♦1/2 c. unsweetened shredded coconut, toasted
♦1 c. dark chocolate chunks
♦1 c. coconut sugar
♦1/4 c. coconut nectar
♦1/2 c. coconut milk
In a double boiler, melt dark chocolate. Meanwhile, toast coconut in toaster oven until just browned. In a separate saucepan, combine sugar, nectar and milk. Bring to a boil, then reduce heat and let simmer for 10 minutes. Once cookies are cooled, dip the base of each cookie in the chocolate mixture and place on parchment paper to set. Remove caramel from heat and mix in toasted coconut. Drizzle a small amount of caramel over each cookie. If desired, top with additional chocolate and/or toasted coconut. Allow to set in the fridge.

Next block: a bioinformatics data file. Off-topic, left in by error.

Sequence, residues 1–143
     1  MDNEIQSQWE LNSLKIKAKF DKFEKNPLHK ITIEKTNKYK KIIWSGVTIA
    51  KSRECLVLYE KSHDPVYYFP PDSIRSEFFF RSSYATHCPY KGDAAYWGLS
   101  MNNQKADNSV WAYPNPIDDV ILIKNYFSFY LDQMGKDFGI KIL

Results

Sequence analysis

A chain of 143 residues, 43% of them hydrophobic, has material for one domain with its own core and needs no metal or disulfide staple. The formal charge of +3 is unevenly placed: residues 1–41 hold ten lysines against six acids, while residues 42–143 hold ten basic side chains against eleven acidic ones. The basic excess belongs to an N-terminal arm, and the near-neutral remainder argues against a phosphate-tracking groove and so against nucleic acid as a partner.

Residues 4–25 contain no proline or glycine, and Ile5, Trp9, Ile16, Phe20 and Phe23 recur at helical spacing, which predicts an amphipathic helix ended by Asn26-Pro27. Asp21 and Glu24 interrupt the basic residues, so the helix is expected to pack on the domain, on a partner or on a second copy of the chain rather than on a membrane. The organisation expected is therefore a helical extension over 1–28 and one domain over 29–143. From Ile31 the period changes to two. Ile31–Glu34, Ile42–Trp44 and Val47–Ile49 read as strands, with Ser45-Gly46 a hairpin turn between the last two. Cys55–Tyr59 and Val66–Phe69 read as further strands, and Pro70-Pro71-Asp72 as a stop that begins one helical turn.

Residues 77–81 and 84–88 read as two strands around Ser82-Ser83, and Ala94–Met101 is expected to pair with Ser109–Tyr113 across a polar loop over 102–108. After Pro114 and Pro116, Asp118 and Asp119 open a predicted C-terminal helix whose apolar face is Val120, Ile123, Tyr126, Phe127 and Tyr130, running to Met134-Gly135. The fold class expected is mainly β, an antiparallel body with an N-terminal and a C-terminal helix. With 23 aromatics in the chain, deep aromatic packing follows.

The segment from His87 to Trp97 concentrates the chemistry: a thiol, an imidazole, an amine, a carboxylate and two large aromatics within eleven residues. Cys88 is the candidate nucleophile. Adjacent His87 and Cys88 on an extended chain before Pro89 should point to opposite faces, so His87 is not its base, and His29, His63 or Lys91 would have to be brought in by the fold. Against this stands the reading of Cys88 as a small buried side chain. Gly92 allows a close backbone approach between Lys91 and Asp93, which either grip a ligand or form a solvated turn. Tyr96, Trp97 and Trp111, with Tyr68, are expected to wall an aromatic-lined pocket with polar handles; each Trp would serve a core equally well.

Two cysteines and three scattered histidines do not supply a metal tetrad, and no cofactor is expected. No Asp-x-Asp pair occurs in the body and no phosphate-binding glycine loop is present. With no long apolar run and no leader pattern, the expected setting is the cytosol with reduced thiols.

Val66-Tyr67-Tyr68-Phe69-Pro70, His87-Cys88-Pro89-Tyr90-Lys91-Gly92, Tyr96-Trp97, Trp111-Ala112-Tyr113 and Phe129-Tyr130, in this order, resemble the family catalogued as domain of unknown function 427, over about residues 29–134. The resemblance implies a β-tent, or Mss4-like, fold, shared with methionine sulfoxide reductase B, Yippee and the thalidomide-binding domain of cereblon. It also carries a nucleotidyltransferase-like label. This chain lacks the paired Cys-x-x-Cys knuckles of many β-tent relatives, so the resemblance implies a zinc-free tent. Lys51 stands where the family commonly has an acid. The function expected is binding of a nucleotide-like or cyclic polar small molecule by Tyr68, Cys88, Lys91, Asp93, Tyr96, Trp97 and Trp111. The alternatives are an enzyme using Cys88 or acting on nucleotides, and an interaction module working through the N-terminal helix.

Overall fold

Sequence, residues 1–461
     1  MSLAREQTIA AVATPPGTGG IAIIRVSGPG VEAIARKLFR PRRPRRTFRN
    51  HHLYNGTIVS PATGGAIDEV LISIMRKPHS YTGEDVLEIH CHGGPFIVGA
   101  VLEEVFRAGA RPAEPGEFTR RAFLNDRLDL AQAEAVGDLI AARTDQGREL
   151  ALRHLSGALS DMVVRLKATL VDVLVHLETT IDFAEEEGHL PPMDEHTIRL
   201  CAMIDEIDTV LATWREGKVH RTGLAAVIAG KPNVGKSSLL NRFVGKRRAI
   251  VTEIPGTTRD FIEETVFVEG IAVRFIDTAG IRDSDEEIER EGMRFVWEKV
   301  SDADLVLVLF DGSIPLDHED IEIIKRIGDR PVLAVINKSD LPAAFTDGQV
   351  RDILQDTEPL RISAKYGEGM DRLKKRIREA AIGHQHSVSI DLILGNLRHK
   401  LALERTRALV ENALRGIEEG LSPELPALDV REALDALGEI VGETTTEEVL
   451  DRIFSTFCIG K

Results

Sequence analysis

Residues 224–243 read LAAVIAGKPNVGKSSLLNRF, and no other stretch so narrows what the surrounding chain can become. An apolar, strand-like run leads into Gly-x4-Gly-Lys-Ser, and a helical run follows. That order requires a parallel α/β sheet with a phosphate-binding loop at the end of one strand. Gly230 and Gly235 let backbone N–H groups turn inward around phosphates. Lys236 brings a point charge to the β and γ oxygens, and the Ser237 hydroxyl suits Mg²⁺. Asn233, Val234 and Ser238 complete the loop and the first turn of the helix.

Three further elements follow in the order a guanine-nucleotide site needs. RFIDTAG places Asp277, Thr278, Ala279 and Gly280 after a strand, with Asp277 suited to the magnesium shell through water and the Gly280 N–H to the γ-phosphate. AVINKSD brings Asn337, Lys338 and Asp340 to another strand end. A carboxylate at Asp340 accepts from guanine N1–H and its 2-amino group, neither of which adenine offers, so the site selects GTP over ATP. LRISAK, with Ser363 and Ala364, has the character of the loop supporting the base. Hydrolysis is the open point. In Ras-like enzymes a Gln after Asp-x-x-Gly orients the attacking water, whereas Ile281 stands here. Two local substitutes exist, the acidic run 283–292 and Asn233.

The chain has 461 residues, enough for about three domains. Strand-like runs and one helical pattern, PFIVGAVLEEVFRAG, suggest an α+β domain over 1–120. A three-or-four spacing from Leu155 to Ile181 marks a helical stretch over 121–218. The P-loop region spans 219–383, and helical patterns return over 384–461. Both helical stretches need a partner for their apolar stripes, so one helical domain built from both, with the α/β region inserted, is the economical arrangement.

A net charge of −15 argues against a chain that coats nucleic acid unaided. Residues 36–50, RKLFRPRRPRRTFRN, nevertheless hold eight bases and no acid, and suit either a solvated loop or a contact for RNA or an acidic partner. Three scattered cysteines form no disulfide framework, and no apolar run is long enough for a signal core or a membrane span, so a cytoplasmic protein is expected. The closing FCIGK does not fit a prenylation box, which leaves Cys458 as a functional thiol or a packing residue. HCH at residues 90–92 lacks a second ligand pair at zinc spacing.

Calories? About 95 calories per cookie.
Total time? 8 minutes baking, 10 minutes for caramel, 10 minutes prep.
Cost? $8.57 almond meal, $8.49 coconut oil, $2.50 dark chocolate chunks, $7.49 coconut nectar, $1.99 coconut milk, $5.49 shredded coconut
Overall success relative to expectations? 8 out 10. These cookies have certainly opened my eyes to how great a “clean” dessert can taste. They’re not necessarily low-calorie, but I felt less guilty about dessert knowing that all the ingredients are organic. As I mentioned, I didn’t follow the directions exactly and these don’t look much like Samoas (nor are they very pretty in general), but they sure were tasty. I docked points only because I felt they were a little light on coconut. It’s best to keep these in the fridge (and I prefer to eat them on the colder side). One other thing worth mentioning is that the caramel is very sticky and you may end up with a little in your teeth after the cookie is gone. Small price to pay, though, amIright?